Around the State- Northwest- Dec. 2001
Walton County gets its hospital after residents stave off a challenge from HCA.
By Julie S. Bettinger
When Destin Hospital closed more than seven years ago, Okaloosa County residents worried about healthcare. In an area where a 15-minute commute can take an hour or more during tourist season, quick access to healthcare became a real concern.
"When the tourists are here, and you're faced with having to go to Twin Cities (in Niceville) or Fort Walton Beach, that can really be a long haul," says Jim Rester, a real estate consultant.
Residents of south Okaloosa and Walton counties responded by trying to persuade a local developer to donate land for a new hospital and later supporting a $20-million fund-raising effort.
Rester, who was on the Destin Hospital board when its owner, HCA, shut down the facility because it was unprofitable, joined other business leaders who appealed to HCA to sell the building to another provider. When HCA refused, a delegation persuaded St. Joe Co. to donate $2.7 million in prime property on U.S. 98. Sacred Heart Hospital in Pensacola agreed to build a new facility.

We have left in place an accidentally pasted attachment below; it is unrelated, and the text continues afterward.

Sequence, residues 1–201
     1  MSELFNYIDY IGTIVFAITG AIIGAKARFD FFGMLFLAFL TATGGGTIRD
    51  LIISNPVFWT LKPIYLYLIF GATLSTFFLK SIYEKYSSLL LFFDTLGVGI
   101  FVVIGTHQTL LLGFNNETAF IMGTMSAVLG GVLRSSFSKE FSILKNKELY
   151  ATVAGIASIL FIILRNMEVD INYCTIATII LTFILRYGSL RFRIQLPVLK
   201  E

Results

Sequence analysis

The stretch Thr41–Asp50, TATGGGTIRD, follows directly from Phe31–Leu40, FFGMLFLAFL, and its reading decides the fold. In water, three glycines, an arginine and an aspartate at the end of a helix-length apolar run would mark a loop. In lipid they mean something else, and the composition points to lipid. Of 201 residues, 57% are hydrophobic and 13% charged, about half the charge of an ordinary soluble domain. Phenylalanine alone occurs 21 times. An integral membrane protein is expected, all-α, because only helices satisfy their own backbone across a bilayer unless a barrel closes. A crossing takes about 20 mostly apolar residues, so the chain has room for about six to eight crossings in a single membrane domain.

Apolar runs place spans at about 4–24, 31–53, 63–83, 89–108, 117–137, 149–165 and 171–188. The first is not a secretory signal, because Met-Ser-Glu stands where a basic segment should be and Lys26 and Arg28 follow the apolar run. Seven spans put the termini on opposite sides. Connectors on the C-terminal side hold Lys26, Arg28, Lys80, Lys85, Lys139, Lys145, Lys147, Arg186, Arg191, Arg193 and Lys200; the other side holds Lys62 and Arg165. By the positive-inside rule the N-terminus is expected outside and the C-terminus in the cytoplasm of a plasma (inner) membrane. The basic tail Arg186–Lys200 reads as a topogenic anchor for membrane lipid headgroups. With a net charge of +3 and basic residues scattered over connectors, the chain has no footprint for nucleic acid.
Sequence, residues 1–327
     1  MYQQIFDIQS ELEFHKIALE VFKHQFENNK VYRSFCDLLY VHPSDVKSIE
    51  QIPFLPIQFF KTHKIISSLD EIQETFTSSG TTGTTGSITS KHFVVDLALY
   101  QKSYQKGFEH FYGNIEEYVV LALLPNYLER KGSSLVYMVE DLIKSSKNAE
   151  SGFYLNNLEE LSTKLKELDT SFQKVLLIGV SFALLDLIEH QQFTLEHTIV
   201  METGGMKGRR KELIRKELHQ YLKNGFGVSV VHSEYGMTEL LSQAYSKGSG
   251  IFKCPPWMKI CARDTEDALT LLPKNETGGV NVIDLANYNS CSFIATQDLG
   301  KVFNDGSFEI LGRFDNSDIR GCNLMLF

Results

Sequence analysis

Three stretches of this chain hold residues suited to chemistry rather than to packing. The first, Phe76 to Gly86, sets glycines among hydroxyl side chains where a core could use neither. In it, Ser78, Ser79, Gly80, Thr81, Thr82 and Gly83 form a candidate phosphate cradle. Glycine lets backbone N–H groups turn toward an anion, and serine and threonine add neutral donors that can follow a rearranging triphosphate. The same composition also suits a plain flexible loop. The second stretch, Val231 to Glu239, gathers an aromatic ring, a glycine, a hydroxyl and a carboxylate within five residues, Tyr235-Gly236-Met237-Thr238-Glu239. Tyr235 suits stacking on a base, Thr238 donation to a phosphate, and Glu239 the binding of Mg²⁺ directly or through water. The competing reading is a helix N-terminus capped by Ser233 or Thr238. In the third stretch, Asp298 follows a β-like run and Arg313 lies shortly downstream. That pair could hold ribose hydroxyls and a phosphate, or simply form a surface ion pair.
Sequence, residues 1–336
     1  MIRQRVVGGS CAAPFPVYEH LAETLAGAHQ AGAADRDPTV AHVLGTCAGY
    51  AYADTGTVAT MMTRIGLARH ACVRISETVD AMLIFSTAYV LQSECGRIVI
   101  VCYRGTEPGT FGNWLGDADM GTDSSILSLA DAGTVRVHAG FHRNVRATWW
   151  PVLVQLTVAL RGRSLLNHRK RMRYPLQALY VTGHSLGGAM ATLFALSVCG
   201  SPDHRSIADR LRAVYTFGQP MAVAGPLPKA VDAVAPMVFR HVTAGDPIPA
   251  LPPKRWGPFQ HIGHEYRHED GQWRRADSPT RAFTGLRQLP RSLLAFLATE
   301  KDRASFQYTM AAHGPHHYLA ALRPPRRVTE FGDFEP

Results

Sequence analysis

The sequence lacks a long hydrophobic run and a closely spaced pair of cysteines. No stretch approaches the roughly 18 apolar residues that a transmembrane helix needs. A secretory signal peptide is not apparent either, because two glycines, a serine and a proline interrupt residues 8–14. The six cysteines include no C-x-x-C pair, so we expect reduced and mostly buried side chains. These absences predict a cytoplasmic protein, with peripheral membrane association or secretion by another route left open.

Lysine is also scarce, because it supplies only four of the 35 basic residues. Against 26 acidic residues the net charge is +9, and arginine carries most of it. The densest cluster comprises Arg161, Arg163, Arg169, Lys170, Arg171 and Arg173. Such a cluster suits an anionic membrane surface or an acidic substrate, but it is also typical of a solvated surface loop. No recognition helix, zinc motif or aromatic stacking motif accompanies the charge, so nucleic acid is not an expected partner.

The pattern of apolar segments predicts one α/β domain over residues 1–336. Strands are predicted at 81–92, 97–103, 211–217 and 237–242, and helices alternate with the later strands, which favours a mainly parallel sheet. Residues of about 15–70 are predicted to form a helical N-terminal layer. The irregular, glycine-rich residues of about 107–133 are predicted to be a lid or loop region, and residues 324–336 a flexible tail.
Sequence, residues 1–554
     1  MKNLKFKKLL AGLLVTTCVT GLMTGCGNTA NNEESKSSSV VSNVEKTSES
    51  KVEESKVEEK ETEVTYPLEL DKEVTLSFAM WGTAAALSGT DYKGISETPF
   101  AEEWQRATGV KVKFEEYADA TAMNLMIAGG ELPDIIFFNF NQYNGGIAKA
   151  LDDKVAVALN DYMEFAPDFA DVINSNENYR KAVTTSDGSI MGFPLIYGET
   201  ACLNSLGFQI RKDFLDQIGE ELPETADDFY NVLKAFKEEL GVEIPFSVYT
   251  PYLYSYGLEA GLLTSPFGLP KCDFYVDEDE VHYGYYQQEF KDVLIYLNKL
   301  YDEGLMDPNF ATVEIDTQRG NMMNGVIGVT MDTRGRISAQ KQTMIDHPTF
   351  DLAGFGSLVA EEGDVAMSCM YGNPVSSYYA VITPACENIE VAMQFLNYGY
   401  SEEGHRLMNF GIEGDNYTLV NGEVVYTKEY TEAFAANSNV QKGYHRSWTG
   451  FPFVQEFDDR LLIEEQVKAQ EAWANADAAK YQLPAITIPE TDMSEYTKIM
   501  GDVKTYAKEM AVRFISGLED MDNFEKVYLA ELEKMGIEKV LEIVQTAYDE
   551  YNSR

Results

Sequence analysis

But after the non-profit Sacred Heart applied for a certificate of need in 1999, the for-profit HCA, which owns the hospitals in nearby Fort Walton Beach and Niceville, contested on the grounds that the new facility would create unnecessary duplication of services.
Fearing that the challenge would delay the hospital's construction further, the Walton County Chamber of Commerce launched a petition asking HCA to drop its objection. More than 14,000 people signed on. HCA decided to withdraw its protest, and Sacred Heart broke ground on the 50-bed hospital in May.
The $40-million Sacred Heart Hospital on the Emerald Coast, located on 34 acres just east of Sandestin, is scheduled for completion next December. It will employ 200 to 250 and will have a medical office building adjoining it. Meanwhile, the hospital launched AirHeart 1, an emergency helicopter service, in November to supplement emergency transport.
To date, Sacred Heart Foundation has raised about $7 million of the $20 million needed. The majority has come from wealthy residents who have experienced delays in receiving healthcare and from $100-a-plate fund-raisers, says fund-raising coordinator Sheryl Johnston. "It really does take a community to build a hospital."
Julie Bettinger can be reached at: firstname.lastname@example.org
In the News
Carabelle -- Franklin County will get its first 18-hole golf course in spring 2003. Besides the public course, the 525-home St. James Bay community will also have retail and commercial office space.
Destin -- By the time his eight-day, four-wall-and-roof mural on Mid-Bay Marina was completed, the artist Wyland had used 1,000 gallons of paint. The project was his 88th and second-largest "Whaling Wall" at 1,488 feet long and 60 feet high. Wyland painted an American flag on the 2-acre roof to thank pilots flying overhead from military bases.